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Remember the TV show Northern Exposure, in which a small Alaskan town recruited a big-city doctor by helping to pay off his medical school loans? Well, fiction has become fact right here in the Valley, where — like Alaska — small communities are suffering from a serious lack of health-care providers. Playing the part of Cicely, Alaska, is Ellenville, Ulster County.
The Catskill Hudson Area Health Education Center (Catskill Hudson AHEC) has launched a new program called HealthMatch. Under the leadership of executive director Kathryn Reed, HealthMatch works with community leaders in health care, business, and government to recruit doctors, dentists, and other providers into their locale. The pilot community for this program is Ellenville.
The New York State Area Health Education Center system is a workforce development initiative established in 1998 to find solutions to the shortage of health-care workers, and the lack of diversity in the health-care workforce, in the more rural areas of the state. While the physician shortage is a national problem, it is even more acute in rural regions. Catskill Hudson AHEC, which serves 11 counties in the Valley and the Catskills, is one of nine AHEC centers statewide.
In 2007, Reed was involved in a focus group regarding health-care needs in Ellenville. “It became evident that community members were passionate about preserving their hospital and retaining local health care. That was the catalyst to developing this program,” she explains. The funding for HealthMatch came from the U.S Department of Health and Human Services, the New York State Department of Health, and local grants. Local government officials, including Assemblymen Peter Lopez and Kevin Cahill, Assemblywoman Nancy Calhoun, and State Senator John J. Bonacic, were instrumental in acquiring those funds, Reed says. Local buy-in is critical for the program’s success: It will be up to community leaders to sell the area’s lifestyle and its benefits to newly minted primary-care doctors, and to provide the incentives (such as helping to pay off loans or subsidizing the start-up costs of establishing a practice). “I think they underestimate the geographic location of Ellenville. People from the outside see it as geographically isolated,” says Reed, who notes that Ellenville is located in a valley between two mountain ranges. “But most don’t realize you can have this great rural lifestyle, where you’re not in the middle of all that urban hubbub.” Plus, she notes, Ellenville has “a real sense of community,” a vibrant cultural scene (including a professional theater), and a wide range of shops and services. And, with Kingston just 30 minutes away and Middletown even closer, the bigger stores and malls are also easily accessible.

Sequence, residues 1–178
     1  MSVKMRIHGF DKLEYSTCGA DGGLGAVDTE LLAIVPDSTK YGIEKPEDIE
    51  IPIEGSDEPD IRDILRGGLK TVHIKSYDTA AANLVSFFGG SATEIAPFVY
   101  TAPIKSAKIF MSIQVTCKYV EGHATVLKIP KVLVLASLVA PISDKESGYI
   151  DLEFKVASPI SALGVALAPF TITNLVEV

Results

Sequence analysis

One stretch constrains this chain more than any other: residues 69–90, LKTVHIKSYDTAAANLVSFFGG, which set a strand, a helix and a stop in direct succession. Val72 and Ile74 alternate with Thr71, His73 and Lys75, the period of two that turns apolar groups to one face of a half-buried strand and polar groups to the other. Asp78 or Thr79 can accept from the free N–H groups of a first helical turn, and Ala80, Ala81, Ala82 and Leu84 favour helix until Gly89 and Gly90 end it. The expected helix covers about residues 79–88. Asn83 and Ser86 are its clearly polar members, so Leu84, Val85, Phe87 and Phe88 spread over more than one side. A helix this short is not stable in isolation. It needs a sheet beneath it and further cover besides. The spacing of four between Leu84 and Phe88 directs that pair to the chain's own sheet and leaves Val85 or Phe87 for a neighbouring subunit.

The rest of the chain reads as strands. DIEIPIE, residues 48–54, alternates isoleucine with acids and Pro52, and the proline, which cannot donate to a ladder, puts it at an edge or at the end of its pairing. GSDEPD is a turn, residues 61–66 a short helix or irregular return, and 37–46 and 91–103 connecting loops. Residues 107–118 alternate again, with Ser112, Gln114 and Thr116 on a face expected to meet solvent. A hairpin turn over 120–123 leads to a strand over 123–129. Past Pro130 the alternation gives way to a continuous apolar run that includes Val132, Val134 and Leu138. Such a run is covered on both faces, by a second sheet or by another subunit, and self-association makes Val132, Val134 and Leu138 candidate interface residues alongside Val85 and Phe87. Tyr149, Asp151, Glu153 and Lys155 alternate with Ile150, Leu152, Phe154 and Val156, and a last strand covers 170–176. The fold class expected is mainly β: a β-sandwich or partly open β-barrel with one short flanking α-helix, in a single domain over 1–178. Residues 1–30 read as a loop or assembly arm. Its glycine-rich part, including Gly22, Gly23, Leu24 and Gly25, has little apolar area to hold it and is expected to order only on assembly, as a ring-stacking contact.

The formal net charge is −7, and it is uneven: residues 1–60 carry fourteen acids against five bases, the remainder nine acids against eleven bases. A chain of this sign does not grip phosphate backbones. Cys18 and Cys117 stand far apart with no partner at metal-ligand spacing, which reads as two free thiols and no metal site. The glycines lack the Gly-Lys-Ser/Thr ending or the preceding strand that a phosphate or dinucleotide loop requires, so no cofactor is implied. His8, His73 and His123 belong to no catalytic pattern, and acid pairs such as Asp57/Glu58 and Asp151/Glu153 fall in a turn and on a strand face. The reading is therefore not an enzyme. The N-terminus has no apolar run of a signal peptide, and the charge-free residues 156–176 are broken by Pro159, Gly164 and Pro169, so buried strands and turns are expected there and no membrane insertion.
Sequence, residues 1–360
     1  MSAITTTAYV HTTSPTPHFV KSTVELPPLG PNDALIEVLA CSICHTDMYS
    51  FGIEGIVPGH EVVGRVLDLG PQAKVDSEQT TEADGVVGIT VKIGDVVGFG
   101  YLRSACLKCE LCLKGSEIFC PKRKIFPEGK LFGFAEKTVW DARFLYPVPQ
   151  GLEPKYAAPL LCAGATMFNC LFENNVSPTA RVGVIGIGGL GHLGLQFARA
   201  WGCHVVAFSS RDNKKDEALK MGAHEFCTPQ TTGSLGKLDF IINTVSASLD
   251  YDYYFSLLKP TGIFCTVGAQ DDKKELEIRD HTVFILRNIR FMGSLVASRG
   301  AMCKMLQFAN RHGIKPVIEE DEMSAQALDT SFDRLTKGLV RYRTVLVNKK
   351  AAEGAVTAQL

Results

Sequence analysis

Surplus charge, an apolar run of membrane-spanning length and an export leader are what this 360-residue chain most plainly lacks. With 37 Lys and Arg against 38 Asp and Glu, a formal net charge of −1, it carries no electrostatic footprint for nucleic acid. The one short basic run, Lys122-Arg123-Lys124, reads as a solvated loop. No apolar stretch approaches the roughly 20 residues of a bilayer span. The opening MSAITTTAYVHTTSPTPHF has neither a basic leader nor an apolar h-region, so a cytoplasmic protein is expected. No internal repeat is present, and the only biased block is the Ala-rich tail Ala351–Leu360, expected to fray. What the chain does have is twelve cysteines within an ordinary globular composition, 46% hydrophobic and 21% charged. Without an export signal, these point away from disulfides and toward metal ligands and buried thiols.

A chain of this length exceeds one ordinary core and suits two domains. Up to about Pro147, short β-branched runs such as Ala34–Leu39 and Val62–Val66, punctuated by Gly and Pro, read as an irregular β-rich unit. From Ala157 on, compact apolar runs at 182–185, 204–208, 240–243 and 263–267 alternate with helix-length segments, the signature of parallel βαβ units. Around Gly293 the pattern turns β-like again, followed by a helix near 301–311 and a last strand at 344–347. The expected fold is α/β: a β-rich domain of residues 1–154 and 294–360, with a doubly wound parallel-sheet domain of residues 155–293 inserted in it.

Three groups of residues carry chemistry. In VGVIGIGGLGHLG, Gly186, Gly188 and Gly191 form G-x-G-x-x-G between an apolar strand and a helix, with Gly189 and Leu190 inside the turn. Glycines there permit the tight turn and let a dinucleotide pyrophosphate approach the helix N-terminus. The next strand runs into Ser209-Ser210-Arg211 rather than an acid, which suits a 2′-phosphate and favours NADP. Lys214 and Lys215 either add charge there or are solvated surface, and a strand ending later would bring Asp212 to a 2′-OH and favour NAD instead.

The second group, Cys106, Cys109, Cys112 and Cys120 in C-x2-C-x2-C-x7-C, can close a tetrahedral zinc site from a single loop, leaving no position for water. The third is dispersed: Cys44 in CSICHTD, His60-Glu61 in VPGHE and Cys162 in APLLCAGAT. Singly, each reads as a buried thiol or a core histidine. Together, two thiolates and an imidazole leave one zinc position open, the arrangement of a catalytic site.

In effect, Reed and her staff of four are matchmakers. She knows that finding the right doctor for the right community is tricky. But if Ellenville successfully lures a new M.D. to town, Reed hopes to roll HealthMatch out to the rest of her service area and, eventually, throughout the state. She has no doubts it will work. “I am convinced we will get it done,” she says. “If we can place one or two doctors a year, I will feel like we have made a difference.”
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